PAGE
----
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Medicine Technology

Vaccine Patch Removes Needle Pain 250

Posted by timothy
from the non-death-by-a-thousand-cuts dept.
wog777 writes "Researchers led by Mark Prausnitz of Georgia Institute of Technology reported their research on microneedles in Sunday's edition of Nature Medicine. A microneedle contains needles so small you don't even feel them. Attached to a patch like a Band-Aid, the little needles barely penetrate the skin before they dissolve and release their vaccine."
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Vaccine Patch Removes Needle Pain

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  • by level_headed_midwest (888889) on Sunday July 18, 2010 @09:50PM (#32946948)

    Immunizations are certainly the number one reason why children between the ages of about 9 months and six years hate going to the doctor and will kick and scream and flail as soon as they see anybody come into the exam room with a stethoscope. Vaccine patches would be great, particularly if they made it look like a sticker (which are second only to popsicles in the ability to placate an irritated youngster). Now if they'd only figure out a way to make looking in the ears and mouth easier, we'd be set!

  • Genius (Score:5, Insightful)

    by Dunbal (464142) * on Sunday July 18, 2010 @09:51PM (#32946952)

    It is often said that true genius is coming up with the idea that makes everyone say "I could have thought of that".

    One of the problems with transdermal patches has always been one of controlling dosage. This is because the skin is only permeable to lipids, thanks to layers of keratin on the outside and the basement membrane lying inconveniently just before you get to any blood vessels. So anything that you needed to give your patient via the skin had to be fat-soluble, or it just wouldn't work. And then you have the problems of concentration gradients, skin thickness, how long you leave the patch on, and how "greasy" that person's natural skin is anyway. That makes for a lot of variables in delivery. Which means you can never be exactly sure of the dose.

    By piercing through the skin's outer layers into the dermis with a "microneedle", suddenly you've eliminated a few things: 1) You can deliver hydrophyllic substances (like certain viruses or their components, for example) and 2) you can control dosage much much more accurately because you can be sure that what you're delivering is going to make it to the bloodstream versus lying around in the epidermis and or never getting off the patch in the first place.

    I foresee that this technology will soon be used for much more than pediatric vaccine delivery and the creators will become very rich indeed. This doctor thinks it's a great idea. In fact the only problem is going to be for those allergic people - with previous patches all they would get is red skin, an itch, and maybe a localized rash. Now they risk a full blown type I allergic reaction.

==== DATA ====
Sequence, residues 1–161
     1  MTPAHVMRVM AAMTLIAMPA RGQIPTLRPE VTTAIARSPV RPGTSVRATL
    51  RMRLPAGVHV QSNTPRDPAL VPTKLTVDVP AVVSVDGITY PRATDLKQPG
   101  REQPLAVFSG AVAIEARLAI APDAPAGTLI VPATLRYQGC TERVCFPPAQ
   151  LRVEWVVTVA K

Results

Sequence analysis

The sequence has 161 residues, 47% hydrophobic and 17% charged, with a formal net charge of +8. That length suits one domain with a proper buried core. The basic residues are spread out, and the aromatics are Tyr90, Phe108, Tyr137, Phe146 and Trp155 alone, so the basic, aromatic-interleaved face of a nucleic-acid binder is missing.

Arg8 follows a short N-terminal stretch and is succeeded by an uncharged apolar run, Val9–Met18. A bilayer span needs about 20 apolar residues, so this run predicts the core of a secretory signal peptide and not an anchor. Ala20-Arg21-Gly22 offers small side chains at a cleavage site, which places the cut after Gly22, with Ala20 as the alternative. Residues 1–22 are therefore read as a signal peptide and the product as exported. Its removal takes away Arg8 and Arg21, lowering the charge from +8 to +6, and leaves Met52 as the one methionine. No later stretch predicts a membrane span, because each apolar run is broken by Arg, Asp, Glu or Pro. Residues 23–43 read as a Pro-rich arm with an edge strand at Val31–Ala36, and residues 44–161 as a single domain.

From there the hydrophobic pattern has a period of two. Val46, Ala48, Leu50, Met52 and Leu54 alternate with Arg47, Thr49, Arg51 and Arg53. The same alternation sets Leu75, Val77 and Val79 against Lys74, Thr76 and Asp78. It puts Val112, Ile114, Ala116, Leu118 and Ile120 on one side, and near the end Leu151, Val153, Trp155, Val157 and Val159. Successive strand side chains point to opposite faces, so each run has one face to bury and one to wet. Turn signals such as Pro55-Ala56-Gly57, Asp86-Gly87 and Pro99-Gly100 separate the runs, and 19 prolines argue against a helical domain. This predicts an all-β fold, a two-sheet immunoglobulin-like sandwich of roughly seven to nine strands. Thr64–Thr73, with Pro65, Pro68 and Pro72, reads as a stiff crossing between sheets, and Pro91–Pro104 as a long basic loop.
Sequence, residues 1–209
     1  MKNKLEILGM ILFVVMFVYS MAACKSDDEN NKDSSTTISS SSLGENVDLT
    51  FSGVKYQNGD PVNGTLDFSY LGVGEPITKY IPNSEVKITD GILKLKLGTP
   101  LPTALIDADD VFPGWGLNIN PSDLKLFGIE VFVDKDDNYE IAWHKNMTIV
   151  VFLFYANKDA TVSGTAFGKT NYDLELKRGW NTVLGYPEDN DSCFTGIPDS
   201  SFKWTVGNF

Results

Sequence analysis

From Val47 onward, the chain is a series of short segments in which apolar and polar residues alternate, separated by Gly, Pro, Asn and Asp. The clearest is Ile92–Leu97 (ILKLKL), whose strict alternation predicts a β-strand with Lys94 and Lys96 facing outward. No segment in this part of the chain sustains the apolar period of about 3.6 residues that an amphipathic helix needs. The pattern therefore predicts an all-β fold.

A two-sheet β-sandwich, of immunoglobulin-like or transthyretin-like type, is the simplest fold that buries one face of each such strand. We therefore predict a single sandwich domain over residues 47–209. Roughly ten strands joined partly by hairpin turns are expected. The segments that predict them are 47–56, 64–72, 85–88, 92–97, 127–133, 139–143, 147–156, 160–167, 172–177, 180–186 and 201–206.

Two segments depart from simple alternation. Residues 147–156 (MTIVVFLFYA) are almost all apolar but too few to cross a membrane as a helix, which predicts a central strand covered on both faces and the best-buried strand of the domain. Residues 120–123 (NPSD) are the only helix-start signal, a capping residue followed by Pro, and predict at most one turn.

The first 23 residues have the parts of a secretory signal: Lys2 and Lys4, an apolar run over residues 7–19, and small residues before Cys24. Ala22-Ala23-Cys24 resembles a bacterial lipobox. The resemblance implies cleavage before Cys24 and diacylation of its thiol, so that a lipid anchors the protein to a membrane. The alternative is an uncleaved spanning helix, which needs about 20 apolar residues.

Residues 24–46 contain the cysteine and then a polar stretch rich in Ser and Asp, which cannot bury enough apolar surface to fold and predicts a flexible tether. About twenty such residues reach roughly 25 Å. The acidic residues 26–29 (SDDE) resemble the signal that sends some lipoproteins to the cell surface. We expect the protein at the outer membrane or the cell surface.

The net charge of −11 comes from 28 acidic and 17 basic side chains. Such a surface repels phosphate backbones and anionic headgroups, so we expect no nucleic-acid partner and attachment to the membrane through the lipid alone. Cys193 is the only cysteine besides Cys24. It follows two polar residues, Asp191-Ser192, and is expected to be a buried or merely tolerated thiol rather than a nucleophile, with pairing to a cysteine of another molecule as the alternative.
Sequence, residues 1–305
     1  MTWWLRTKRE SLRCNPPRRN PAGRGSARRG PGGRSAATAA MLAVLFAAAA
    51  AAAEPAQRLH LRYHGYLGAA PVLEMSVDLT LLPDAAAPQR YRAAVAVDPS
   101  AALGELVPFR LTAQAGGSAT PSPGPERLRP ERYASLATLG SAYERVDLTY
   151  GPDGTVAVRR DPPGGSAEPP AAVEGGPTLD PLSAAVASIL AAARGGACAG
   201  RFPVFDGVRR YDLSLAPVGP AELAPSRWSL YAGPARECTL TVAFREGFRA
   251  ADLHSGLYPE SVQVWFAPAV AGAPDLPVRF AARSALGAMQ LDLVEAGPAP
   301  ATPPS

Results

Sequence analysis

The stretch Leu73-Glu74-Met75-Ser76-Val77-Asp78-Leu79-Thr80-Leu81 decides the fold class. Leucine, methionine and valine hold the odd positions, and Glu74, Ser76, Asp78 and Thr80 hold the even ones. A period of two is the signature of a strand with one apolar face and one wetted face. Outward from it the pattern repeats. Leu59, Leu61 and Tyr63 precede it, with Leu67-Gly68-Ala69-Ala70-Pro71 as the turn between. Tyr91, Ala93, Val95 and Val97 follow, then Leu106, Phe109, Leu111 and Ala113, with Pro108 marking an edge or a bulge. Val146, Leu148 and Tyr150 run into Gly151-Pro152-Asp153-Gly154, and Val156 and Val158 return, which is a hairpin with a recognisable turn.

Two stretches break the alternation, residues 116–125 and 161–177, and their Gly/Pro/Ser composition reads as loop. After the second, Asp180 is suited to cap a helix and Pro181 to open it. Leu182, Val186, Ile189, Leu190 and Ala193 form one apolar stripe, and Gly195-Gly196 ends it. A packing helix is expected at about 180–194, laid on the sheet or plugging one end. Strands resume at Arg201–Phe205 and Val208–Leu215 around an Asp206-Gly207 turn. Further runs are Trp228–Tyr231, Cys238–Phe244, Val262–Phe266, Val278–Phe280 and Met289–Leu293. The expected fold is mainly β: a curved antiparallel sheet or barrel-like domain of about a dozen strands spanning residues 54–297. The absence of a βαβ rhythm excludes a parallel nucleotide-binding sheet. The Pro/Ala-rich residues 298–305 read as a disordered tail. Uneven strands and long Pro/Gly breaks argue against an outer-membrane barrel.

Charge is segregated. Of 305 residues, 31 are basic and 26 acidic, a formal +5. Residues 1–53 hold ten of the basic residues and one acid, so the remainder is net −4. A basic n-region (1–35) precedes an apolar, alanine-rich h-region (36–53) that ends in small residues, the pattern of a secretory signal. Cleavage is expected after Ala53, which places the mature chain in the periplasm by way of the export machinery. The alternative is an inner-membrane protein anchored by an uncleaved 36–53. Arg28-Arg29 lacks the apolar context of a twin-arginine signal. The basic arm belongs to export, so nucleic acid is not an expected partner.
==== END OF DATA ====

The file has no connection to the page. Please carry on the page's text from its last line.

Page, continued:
• Meh... (Score:4, Insightful)

    by epp_b (944299) on Sunday July 18, 2010 @10:00PM (#32946992)
    Let the kids suck it up. I did. It builds character.

    Now get off my lawn.
  • Re:Gee, thanks. (Score:5, Insightful)

    by demonlapin (527802) on Sunday July 18, 2010 @10:12PM (#32947062) Homepage Journal
    On behalf of physicians everywhere who treat kids, I'd like to advise you to go to hell for making your kids think of us as the punishment people. If you want to threaten them with pain, please threaten to do it yourself.
  • Re:Gee, thanks. (Score:5, Insightful)

    by Main Gauche (881147) on Sunday July 18, 2010 @10:29PM (#32947140)

    And here I thought this story was about patients having thin skin...

  • by elucido (870205) * on Sunday July 18, 2010 @11:09PM (#32947310)

    Now people will be able to inject others with toxins and it will be impossible to detect it.
    What you have is a stealth needle, this idea in my opinion is incredibly dangerous, but I guess it will be good for mercenaries because it will reduce the costs.

    There is a reason why we can feel needles.

  • Re:Genius (Score:5, Insightful)

    by LastSaneMan (222217) on Monday July 19, 2010 @04:33AM (#32948588) Homepage

    That's pathetic. Suck it up and act like an adult.

    Now, does that work for all phobias, or just the ones you don't have?

  • by Ogive17 (691899) on Monday July 19, 2010 @06:24AM (#32948950)
    No, but I've thought about beating the shit out of someone who tried to drug me as a prank.
  • Re:Meh... (Score:3, Insightful)

    by Pigeon451 (958201) on Monday July 19, 2010 @10:20AM (#32951410)

    Minor surgery without anesthesia also builds character. But I'd prefer local anesthesia -- to each their own.

  • Re:Meh... (Score:1, Insightful)

    by Anonymous Coward on Monday July 19, 2010 @12:42PM (#32953294)

    No it doesn't, you sadistic bastard. Why deliberately inflict pain on a child if you have a less painful option? Making a child take the more painful injection without a good reason is tantamount to abuse. If a child is allowed to go and play normally they'll likely hurt themselves in due course at which point you can encourage them to cope with pain without whining, so why inflict pain on them deliberately?

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